Weather-hit produce prices ends dip in inflation
According to the Ministry of Strategy and Finance yesterday, prices increased 1.2 percent in August from a year earlier.
However, on a monthly basis, prices rose 0.4 percent, mainly due to a 4.6 percent spike in prices of fresh food, caused by an unprecedented heat wave, torrential rains and a recent series of typhoons.
A 4.4 percent increase in the overall price of agricultural products put upward pressure on general food prices amid growing concern of poor harvests resulting from droughts and unexpected changes in the climate in the last few months.
Fruit jumped 5.7 percent from a month earlier, while spinach and cucumber surged 64 percent and 33 percent, respectively.
Affected by Typhoons Bolaven and Tembin last week, food prices are expected to climb even higher this month. “The impact of the typhoons will be reflected in the figure for September, resulting in higher food prices,” said an official at Statistics Korea. “As the Chuseok [annual harvest] holiday arrives at the end of the month, consumers are likely to feel more of a burden from the higher prices.”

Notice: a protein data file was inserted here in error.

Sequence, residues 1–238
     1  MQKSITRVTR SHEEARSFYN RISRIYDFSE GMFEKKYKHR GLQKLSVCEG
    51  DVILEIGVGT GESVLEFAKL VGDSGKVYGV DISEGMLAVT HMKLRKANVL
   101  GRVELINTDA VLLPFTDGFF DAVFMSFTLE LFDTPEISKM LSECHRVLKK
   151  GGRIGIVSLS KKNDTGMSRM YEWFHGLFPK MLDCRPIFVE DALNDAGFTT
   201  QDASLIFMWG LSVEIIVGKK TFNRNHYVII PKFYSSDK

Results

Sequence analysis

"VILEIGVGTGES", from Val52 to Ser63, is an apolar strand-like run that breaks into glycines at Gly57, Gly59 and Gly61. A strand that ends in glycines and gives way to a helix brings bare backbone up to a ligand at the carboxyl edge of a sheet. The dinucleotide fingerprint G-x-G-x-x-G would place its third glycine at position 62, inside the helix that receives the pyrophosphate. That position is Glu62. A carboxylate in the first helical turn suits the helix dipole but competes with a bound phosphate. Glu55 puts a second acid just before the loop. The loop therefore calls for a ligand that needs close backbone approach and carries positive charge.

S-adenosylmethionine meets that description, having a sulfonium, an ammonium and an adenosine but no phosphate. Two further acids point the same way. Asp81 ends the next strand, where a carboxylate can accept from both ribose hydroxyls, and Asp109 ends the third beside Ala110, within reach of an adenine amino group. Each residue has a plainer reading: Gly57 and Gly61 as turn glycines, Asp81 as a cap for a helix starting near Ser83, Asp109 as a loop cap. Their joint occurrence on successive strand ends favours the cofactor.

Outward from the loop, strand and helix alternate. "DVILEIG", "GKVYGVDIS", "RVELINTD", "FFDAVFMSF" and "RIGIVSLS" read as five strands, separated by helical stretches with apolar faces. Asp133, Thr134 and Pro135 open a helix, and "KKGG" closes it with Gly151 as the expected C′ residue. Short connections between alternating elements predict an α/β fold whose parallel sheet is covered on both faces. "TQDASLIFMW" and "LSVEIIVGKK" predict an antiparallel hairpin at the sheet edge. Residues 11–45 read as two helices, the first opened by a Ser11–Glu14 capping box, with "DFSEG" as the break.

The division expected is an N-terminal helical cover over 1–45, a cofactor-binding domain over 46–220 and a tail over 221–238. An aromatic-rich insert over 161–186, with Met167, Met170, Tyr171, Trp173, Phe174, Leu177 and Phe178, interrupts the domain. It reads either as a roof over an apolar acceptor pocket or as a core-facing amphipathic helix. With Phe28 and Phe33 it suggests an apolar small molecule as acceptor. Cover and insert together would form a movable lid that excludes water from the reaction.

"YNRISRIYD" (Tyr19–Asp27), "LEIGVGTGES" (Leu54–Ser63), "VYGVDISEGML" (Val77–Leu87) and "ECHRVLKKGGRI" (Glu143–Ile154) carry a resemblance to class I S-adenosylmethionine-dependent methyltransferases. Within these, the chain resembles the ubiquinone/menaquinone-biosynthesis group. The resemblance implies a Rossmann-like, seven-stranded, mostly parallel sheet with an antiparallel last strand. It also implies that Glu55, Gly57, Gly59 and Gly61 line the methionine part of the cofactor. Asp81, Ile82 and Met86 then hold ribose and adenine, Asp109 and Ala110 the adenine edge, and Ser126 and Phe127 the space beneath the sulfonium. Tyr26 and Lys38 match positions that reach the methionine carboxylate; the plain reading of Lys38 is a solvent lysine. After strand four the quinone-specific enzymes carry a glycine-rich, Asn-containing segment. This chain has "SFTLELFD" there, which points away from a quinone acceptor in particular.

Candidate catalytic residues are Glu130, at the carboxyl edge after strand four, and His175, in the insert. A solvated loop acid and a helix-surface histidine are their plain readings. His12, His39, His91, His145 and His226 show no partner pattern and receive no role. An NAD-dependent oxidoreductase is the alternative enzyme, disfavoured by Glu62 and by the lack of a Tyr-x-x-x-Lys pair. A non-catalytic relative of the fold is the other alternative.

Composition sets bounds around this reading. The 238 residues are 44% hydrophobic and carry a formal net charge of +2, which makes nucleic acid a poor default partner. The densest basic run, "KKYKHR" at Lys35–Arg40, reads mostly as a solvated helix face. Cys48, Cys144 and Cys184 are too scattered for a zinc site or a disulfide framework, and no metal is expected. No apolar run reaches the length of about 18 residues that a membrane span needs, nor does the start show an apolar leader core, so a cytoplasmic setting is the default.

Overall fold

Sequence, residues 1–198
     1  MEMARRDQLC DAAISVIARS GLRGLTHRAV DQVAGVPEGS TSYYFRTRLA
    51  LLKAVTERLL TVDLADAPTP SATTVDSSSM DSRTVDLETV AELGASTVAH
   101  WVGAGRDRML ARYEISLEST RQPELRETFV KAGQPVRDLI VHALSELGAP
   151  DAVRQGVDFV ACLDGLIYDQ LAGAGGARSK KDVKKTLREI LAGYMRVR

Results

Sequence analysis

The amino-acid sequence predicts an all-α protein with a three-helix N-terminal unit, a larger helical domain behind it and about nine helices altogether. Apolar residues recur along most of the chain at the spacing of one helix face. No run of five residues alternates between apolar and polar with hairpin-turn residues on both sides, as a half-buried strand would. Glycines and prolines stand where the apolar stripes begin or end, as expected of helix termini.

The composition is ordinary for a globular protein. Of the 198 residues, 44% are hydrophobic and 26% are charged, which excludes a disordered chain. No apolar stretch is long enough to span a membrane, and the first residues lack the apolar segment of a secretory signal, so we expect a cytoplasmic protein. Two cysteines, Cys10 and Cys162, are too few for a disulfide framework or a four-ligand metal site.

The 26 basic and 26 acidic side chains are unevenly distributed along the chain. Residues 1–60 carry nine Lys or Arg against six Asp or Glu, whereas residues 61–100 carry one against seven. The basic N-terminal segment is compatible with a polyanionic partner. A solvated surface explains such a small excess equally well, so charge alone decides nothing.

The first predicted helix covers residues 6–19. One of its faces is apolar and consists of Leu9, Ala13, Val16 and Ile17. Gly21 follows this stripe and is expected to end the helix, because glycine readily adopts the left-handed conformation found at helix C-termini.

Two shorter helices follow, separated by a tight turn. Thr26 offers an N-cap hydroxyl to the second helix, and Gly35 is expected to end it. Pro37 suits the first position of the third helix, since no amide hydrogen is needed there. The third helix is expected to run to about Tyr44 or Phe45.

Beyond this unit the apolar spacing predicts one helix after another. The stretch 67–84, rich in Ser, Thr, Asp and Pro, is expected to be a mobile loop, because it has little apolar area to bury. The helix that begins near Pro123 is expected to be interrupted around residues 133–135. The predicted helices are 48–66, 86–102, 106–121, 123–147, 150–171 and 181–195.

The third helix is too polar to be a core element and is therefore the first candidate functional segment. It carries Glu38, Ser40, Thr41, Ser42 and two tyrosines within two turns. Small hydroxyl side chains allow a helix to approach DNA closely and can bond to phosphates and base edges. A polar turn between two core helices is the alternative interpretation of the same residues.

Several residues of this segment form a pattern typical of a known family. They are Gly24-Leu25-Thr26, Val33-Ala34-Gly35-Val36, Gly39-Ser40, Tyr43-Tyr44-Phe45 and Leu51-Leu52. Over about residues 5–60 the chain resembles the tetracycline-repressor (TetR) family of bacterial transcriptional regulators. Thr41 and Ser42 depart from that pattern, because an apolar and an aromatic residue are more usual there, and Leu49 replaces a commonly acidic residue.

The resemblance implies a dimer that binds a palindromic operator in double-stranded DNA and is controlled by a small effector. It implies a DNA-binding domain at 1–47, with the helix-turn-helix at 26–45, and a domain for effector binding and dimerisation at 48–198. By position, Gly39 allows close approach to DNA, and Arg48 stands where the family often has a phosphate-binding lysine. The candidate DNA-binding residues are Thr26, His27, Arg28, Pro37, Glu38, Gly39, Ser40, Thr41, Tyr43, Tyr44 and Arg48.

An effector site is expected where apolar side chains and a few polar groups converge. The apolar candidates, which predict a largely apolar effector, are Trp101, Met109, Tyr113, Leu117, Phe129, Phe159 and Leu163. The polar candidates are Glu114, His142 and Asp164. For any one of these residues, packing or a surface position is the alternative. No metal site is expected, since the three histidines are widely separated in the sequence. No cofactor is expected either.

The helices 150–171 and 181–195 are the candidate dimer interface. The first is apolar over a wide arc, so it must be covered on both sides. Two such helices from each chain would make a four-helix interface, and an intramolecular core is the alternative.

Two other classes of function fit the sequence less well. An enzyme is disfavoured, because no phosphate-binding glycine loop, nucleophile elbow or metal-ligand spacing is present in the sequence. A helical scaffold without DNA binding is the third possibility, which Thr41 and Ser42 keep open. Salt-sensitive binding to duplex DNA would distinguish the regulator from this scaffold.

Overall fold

Finance Minister Bahk Jae-wan vowed to keep inflation in check at an economic meeting yesterday. “The government will continue to watch out for any economic risks at home and abroad, while putting in place measures to counter any rising food prices caused by a supply shortage resulting from recent typhoons,” Bahk said.
Core inflation, which excludes volatile agricultural and petroleum prices, stood at 1.3 percent in August, inching up 0.2 percent from the previous month.
The ministry said prices of petroleum products rose 1.8 percent last month from July. As the country depends heavily on energy imports, high oil prices have been cited as a main cause of inflationary pressure in the manufacturing sector.
“Although price growth could remain low for a while, there are numerous negative factors, including oil prices, that may cause inflation to spike again,” said the official at the statistics agency.
Despite the ministry’s moves to stabilize prices, consumers complain that prices of daily necessities are still rising.
By Song Su-hyun [firstname.lastname@example.org]